It all started when Ida Taylor and her sister were out having a cigarette in front of the Larga House Edmonton, where they were staying at the beginning of September.
“She’s like ‘I found this bug on me’, and I put it in a cup and sprayed it with Lysol and killed off it right away,” she said. “I brought it to the manager and showed her. I’ve dealt with bed bugs before and I know this is a bed bug. She said she would go deal with it.”
However, Taylor says after she began warning other guests at the building about the potential bed bug problem and to check their bodies for bites, the manager told her to keep quiet.
“I wasn’t going all crazy or nothing, but all of a sudden I get called back into the manager’s office,” said Taylor. “She exclaimed, very rudely, that I shouldn’t be warning people. I shouldn’t be saying anything at all.
“Basically she told me to keep my mouth shut very rudely.”
Taylor said the manager confirmed there were bed bugs in her room and the pair were moved to another hotel.
Labeling itself as a ‘second home for Inuit patients,’ Larga House is a 35-bed boarding house intended for NWT and Nunavut residents who need to travel to Edmonton for medical treatment. It has been in operation for 25 years.
Larga president Casey Adlem said the organization has been the unfair target of social media rumours.
“In early September, a guest at Larga Ltd. shared false information on social media regarding bed bugs, causing guests and people of the Northwest Territories and Nunavut unnecessary concern,” she wrote in a statement to Inuvik Drum. “A guest staying at Larga complained of bed bugs in their room and the situation was immediately treated and eliminated in less than a 24-hour period. The guest did not go into any other bedroom at Larga Ltd., so the issue was resolved very quickly.
“We have never had a serious situation with bed bugs at Larga Ltd. in the eight years that I have been involved in overseeing management and operations. It’s unfortunate that the information shared on social media was not factually correct. Larga Ltd. has excellent staff who work very hard to provide services to the people of Nunavut and the Northwest Territories and will continue to do so.”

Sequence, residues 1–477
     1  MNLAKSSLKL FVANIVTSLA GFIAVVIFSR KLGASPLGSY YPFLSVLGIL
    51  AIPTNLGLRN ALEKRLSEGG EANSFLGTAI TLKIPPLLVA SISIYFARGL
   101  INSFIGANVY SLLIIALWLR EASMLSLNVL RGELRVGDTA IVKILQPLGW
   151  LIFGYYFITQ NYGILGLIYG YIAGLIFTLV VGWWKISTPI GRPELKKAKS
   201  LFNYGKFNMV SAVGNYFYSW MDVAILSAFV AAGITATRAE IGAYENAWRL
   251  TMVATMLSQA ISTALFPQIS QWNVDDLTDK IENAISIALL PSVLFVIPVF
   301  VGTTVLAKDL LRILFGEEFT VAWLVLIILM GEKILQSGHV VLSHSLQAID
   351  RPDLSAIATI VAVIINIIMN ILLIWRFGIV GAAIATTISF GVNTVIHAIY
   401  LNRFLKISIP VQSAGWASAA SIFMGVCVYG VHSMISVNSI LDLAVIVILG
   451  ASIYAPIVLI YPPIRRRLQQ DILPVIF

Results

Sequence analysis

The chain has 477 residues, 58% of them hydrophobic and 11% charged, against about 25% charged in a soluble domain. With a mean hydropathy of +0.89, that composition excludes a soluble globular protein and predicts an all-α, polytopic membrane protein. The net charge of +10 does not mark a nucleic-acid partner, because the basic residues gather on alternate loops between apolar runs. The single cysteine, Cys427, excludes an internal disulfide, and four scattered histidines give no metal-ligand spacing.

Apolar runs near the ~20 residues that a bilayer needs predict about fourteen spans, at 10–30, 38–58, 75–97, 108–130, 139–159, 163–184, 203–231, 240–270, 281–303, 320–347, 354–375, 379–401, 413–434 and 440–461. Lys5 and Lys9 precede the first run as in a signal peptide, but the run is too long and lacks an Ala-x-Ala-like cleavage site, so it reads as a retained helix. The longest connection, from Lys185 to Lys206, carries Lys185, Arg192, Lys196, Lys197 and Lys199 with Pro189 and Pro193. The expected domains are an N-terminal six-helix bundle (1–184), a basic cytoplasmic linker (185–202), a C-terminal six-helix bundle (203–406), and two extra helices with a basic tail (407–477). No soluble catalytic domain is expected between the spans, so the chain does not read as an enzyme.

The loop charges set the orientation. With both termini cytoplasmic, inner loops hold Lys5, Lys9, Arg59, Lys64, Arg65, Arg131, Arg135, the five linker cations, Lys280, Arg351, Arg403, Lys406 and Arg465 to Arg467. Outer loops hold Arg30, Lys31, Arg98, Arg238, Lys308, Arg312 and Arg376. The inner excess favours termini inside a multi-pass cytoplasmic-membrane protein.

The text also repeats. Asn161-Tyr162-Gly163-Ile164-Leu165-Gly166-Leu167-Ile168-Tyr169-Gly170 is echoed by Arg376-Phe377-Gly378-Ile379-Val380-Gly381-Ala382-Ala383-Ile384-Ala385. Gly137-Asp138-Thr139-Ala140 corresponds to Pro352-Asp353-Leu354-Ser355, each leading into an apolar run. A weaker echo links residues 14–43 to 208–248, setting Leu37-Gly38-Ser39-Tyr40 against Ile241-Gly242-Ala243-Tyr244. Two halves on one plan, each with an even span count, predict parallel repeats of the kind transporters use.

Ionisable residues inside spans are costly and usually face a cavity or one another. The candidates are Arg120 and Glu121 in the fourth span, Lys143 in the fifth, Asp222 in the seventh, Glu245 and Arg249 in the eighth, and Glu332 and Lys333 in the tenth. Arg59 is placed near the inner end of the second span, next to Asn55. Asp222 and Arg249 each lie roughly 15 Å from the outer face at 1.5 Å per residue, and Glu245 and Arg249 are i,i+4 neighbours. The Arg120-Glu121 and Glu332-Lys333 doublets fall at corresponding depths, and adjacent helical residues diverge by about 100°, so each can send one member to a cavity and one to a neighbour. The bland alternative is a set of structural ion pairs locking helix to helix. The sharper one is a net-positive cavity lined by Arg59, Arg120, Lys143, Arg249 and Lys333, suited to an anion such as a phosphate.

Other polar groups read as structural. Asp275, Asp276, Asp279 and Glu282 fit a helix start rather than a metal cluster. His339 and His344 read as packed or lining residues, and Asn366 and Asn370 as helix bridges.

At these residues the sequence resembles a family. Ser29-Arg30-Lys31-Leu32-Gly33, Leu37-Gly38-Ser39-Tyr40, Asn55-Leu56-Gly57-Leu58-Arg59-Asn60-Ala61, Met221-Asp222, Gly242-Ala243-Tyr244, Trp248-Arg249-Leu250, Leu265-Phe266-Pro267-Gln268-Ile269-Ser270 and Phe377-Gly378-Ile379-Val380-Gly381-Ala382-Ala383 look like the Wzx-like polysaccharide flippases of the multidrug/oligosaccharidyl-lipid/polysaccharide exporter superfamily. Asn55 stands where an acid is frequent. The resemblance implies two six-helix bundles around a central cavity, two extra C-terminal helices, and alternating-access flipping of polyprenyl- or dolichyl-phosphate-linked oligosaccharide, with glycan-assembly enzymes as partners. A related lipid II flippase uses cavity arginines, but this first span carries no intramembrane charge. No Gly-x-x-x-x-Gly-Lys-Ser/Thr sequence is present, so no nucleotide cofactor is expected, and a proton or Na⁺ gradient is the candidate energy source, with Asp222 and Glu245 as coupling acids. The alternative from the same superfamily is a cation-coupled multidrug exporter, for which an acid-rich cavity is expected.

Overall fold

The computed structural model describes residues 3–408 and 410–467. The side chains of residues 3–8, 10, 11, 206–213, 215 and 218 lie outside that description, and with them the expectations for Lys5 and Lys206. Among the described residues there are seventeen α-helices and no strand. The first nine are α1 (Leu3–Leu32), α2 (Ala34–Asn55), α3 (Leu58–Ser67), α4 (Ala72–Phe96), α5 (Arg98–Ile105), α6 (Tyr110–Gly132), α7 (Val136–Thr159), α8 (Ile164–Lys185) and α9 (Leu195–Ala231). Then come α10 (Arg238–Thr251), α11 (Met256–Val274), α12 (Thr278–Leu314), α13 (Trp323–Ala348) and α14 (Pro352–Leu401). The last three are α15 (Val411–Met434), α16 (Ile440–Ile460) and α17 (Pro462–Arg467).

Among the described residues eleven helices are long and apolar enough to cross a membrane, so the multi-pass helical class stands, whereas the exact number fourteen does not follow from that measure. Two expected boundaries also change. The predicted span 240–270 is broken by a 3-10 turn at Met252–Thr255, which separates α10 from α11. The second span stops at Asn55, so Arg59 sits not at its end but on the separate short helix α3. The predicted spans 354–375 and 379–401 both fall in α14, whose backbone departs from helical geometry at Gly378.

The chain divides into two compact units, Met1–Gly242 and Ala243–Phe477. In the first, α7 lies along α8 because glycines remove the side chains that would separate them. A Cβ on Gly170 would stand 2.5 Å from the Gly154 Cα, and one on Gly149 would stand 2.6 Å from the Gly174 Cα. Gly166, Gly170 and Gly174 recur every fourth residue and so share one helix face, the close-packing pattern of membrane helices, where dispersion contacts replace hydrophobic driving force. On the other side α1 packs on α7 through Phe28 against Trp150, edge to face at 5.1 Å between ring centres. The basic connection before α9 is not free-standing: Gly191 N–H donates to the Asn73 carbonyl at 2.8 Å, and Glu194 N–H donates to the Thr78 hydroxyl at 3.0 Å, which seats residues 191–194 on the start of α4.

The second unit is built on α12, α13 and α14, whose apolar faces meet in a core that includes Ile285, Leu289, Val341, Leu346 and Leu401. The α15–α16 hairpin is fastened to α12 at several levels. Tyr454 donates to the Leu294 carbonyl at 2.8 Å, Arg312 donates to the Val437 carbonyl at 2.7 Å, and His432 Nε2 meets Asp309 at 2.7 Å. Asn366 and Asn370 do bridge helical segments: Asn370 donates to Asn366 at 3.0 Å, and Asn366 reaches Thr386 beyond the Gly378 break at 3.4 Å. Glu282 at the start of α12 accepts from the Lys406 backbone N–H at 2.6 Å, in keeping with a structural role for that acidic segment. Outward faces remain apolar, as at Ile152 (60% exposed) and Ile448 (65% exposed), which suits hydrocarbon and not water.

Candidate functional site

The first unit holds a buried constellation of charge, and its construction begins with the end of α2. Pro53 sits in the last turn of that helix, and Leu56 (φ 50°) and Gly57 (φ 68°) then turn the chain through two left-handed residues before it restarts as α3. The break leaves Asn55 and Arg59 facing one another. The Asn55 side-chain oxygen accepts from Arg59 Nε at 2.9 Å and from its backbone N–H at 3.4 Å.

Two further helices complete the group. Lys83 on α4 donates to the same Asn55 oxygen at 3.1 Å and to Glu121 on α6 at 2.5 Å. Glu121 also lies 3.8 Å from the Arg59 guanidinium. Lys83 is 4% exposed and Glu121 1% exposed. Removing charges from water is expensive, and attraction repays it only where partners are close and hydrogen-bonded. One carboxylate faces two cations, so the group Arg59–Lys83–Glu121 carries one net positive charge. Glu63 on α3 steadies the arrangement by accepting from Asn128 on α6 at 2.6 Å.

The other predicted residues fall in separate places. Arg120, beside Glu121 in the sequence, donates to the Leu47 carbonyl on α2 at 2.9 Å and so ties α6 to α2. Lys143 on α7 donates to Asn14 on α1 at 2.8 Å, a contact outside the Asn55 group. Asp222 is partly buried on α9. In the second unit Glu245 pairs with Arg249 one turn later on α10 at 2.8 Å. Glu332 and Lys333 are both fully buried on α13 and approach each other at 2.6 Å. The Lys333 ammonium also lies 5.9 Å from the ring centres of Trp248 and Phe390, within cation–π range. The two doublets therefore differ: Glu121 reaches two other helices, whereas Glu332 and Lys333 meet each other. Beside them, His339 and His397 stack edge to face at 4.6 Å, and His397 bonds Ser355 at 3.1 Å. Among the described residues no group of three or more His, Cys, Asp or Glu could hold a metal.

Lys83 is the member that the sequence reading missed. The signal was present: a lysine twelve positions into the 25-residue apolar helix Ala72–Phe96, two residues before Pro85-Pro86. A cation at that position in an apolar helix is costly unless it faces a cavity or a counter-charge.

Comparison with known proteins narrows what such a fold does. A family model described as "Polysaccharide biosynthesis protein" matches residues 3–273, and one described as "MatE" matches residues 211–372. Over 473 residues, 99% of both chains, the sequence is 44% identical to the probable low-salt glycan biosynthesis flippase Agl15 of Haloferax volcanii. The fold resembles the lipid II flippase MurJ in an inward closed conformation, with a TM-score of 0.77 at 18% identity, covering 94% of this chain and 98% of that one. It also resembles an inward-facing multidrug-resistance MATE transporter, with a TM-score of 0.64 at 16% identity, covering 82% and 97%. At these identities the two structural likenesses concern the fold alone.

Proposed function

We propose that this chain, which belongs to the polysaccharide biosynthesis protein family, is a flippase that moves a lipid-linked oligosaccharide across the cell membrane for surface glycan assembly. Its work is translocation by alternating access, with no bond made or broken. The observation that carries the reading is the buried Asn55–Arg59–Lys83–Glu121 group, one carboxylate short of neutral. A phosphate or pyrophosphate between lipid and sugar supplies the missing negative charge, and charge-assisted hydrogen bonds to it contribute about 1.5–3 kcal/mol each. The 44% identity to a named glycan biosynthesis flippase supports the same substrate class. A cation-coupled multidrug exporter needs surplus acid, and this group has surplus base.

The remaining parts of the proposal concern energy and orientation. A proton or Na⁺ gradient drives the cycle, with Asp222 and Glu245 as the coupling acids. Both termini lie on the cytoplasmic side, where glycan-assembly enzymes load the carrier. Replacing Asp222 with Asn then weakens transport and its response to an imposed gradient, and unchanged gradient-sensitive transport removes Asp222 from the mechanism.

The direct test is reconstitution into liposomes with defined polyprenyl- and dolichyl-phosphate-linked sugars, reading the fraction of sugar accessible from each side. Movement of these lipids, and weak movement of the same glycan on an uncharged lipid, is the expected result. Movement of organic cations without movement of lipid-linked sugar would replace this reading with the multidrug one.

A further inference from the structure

Another person who have stayed there defended Larga House.
“My son was born with a cleft palate,” said Ashlee Jay. “During the first 18 months we went every other month for appointments. The staff was very supportive, right from our needs, down to our trips via bus to the hospitals. I love how it’s full of indigenous people, it feels like home and you often see a lot of people from your very own community, therefore the support is there when you need a shoulder to lean on.”
Inuvialuit Regional Corporation chairman Duane Smith said he supported the organization but called for more inspections of medical and residential facilities used by IRC beneficiaries.
“IRC is supportive of the health facilities that provide this service and stress the importance of maintaining the highest service for the health and safety of all who depend on such service, including the staff,” he said. “We support the need for routine inspections to ensure the highest health standards are in place along with training to staff to conduct such inspections and a plan in place to address any findings if and when required.”
For her part, Taylor said she and her sister needed to return to Edmonton within a few days, but would not stay at Larga House again.
Instead, she said she is looking into finding a place to stay with a relative in Edmonton.
“I don’t where we’re going to be staying or what’s happening,” she said. “I was the one that reported the bed bugs first and I was the one that was told to shut up and be quiet, and I’m not.
“We’re not going to be staying at Larga. I refuse to, my sister refuses to and we do have the right to refuse. If it happens we have to stay at our relative’s place, we will.
“This health system is all messed up.”